Eat, pray, study: Holy Cross students learn the language of serenity
WEST BOYLSTON — Prepping for college finals can be a pageant of miseries: staggering through the overheated library in search of study space. Scarfing animal crackers from the dorm vending machine at 2 a.m. Trying to sleep through the rager next door.
But for the three dozen Holy Cross students who spent last weekend on an “Eat, Pray, Study” retreat at the college’s new contemplative center, the pre-exam period was positively restorative. Ensconced in the hilltop haven — more boutique hotel than monastery — they curled up in armchairs to review class notes and sipped cucumber- and mint-infused water from mason jars. They prayed, meditated, and practiced yoga at twilight in the glass-walled chapel.
After living cheek-by-jowl in dorms, where showering might involve someone warbling in the next stall, the weekend was a world apart.
“It’s so quiet,” marveled Julia D’Agostino, a freshman, a few hours into her stay. “At school, you’re very rarely by yourself.”
The College of the Holy Cross, like other Jesuit schools, has a long tradition of sending students on five-day silent retreats to practice a short version of the Spiritual Exercises of St. Ignatius of Loyola. Ignatius, who founded the religious order in the 16th century, devised the regime of prayer, meditation, and contemplation of the Gospels to help foster a personal and intimate experience of God’s love and guidance.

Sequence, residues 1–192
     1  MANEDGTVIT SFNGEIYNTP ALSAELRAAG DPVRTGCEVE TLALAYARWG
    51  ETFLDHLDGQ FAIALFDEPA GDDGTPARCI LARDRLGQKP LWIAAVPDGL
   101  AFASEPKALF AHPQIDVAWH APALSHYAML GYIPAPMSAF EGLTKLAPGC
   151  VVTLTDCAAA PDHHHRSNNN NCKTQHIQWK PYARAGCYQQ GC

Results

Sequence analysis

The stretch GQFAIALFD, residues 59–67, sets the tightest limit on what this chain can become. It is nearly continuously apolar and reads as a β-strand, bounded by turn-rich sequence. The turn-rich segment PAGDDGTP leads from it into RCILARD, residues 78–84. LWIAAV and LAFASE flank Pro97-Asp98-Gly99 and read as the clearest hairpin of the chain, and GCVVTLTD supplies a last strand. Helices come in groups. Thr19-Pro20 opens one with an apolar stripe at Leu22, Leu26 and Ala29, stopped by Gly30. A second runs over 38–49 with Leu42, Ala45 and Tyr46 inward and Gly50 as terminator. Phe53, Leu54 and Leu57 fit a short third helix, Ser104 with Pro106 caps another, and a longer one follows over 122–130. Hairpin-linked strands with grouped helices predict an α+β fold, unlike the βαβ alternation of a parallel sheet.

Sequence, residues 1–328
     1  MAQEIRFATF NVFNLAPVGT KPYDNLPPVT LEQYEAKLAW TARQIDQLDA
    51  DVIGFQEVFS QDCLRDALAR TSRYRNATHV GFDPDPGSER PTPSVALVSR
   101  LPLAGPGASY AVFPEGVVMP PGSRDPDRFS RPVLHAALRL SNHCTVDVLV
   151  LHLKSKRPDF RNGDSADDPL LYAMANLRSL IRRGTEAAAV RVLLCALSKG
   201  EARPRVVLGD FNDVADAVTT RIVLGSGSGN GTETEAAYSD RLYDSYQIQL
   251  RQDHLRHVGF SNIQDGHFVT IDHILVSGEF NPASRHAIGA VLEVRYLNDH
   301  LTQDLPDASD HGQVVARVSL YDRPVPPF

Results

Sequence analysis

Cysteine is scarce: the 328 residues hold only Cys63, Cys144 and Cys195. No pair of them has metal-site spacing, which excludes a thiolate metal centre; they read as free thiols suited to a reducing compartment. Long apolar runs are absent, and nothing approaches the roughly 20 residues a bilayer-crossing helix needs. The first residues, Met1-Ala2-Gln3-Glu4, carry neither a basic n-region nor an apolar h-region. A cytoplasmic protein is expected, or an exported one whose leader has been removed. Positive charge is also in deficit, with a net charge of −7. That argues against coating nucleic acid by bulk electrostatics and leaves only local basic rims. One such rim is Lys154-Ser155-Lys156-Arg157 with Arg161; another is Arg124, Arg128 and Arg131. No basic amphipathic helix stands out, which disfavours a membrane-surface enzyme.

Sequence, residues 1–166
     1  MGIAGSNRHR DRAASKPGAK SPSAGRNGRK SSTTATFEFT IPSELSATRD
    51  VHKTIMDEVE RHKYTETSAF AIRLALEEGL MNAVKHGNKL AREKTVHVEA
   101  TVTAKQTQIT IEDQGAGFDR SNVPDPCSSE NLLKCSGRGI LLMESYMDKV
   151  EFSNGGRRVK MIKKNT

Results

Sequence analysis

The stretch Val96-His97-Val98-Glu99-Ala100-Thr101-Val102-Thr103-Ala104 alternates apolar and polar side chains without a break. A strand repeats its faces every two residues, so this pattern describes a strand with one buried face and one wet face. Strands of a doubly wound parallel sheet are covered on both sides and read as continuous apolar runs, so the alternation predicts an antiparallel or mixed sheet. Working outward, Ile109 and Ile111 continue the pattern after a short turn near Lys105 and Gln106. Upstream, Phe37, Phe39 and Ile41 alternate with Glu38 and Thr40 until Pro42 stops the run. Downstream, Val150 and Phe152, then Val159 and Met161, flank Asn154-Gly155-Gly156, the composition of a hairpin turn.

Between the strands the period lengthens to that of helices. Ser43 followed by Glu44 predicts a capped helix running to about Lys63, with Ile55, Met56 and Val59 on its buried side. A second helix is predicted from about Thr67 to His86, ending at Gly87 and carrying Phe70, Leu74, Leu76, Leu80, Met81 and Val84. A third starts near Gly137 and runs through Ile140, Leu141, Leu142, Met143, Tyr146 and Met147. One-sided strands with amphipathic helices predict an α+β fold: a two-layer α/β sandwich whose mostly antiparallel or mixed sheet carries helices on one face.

Participation in retreats has more than doubled over the last dozen years, to about 500 students annually. The trend, college chaplains say, partly reflects students’ growing need for respite from a culture of frenetic overcommitment, digital distraction, and gnawing worry.
“Students are so much more anxious than they were when I first came here” 25 years ago, said Marybeth Kearns-Barrett, director of the chaplains’ office. Retreats — which the college now offers in a variety of themes and lengths — offer “the opportunity to step away, to experience the sense of being loved — because sometimes these anxieties are people grasping for something. There is nothing grounding them,” she said.
The experience can transform young lives, said Megan Fox-Kelly, director of retreats at the college. She still has a letter that her grandfather, Frank J. Kinney Jr., wrote to his mother after a retreat he made as a Holy Cross student in January 1929. His days in silence, he wrote, were “the three days of my life which, if it were possible, I would like most to live over again. . . . Many of the problems of my life have been solved.”
Jesuit retreat houses in Gloucester and Weston hosted the retreats until the opening this fall of the Thomas P. Joyce Contemplative Center, a 34,000-square-foot building set on 52 acres in West Boylston, a short ride from the school’s campus in Worcester. The new space — which cost $22 million, $18 million of which was raised through gifts — has allowed the college to create programs for alumni and faculty, too.
This past weekend’s 29-hour retreat was a bit of an experiment, designed to be a doorway in to Ignatian spirituality. The idea was to offer a quiet place for students to study and unwind during the term’s most stressful period and to reconnect with their sense of God’s calling for their lives. It was also meant to teach lifelong techniques for slowing down and focusing.
“When you’re stressed out, you don’t do your best work,” Kearns-Barrett said at the brief orientation.